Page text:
After 16 years, South Street's favorite dance joint is closing in April. PW chats with the players who fueled its greatness—even as a sea change in DJ culture made the end inevitable.
It was inevitable, really, but Questlove’s Feb. 18 tweet announcing that the legendary nightclub Fluid will be closing next month made it official: The dream days of the ‘90s Philadelphia DJ are dead.
That Fluid is shuttering after 16 years in business is not a surprise. That’s damn near a century in nightclub years. Who remembers when the first summer night meant the roof-deck party at Eden Roc? Or when the front glass door of Filo’s—now the Mexican restaurant Xochitl—would fog up from the Tastytreats party raging downstairs? Five Spot, Evolution, Walnut Room, Loie, 1616, Eighth Street Lounge, St. Jacks, Soma: All have come and gone like so many hangovers. Other clubs routinely close down and reopen like pop-up shops, with a new name and slight redesign done in the quest to stay fresh.
Not Fluid. Through years of legendary parties—DJ Cosmo Baker and Big Rich Medina’s The Remedy; Psydde Delicious’ Fast, Cheap and Out of Control; Dieselboy and Kevin Gimble’s Platinum; Medina’s and Dennis Perez’ Afrorikan Vybe; Questlove, Stacey “Flygirrl” Wilson and Yameen Allworld’s Tastytreats; Robert Drake’s Sex Dwarf; Illvibe Collective’s Soul Clap, to name a few—and the countless one-offs and monthlies and Valentine’s Day Aphrodisiacs, Fluid’s been, well, fluid. Stable, but ready to adapt.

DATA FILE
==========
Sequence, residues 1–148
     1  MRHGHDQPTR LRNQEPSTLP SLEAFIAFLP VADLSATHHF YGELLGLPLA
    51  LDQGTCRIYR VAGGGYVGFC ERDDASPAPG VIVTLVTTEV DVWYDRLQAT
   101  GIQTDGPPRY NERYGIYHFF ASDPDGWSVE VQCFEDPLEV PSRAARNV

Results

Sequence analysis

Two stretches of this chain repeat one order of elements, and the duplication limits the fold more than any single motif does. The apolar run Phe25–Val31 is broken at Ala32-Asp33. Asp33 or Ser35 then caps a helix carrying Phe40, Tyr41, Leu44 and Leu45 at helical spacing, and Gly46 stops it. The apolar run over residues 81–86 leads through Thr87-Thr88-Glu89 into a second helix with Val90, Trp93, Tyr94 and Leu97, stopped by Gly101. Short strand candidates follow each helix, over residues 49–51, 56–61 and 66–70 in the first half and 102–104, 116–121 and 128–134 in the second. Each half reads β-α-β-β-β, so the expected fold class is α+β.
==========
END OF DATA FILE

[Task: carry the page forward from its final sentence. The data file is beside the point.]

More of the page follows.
No, the real surprise isn’t that Fluid is closing; it’s that it was able to stay successful and vibrant for as long as it did while everything else—the neighborhood, technology, the whole DJ scene—changed so drastically.
South Street’s decline from artsy to corporate to what sometimes feels like a ghost town of empty storefronts may have played a part in Fluid’s demise, but let’s be real: People will go where they want to go. Parking can be a bitch, but South Philly party-seekers pass right by Fluid on their way to parties in Northern Liberties and Fishtown. Fluid’s closing has less to do with location than vocation: The advancements in technology that obliterated the old music industry and DJ culture also changed the whole role of clubs.
“There’s just a different level of access now to music than in Fluid’s heyday,” says DJ Sonny James, co-founder of Illvibe Collective. “I remember when [Big] Rich [Medina] did Afrorikan Vybe, I would go there every week and just for specific records because I knew I’d only hear it there. Nowadays, the patrons have the music first because blogs leak it first. There’s just a totally different relationship to music that the patrons have.
“The day of needing to go to specific places to hear special tunes is just over.”
In the ‘90s, when DJs still served as premier tastemakers, they’d drop the needle on a new track or dig up an obscure treasure, and then the next day, kids would head down the street to 611 Records or Cue Records or Spaceboy Music to buy the record.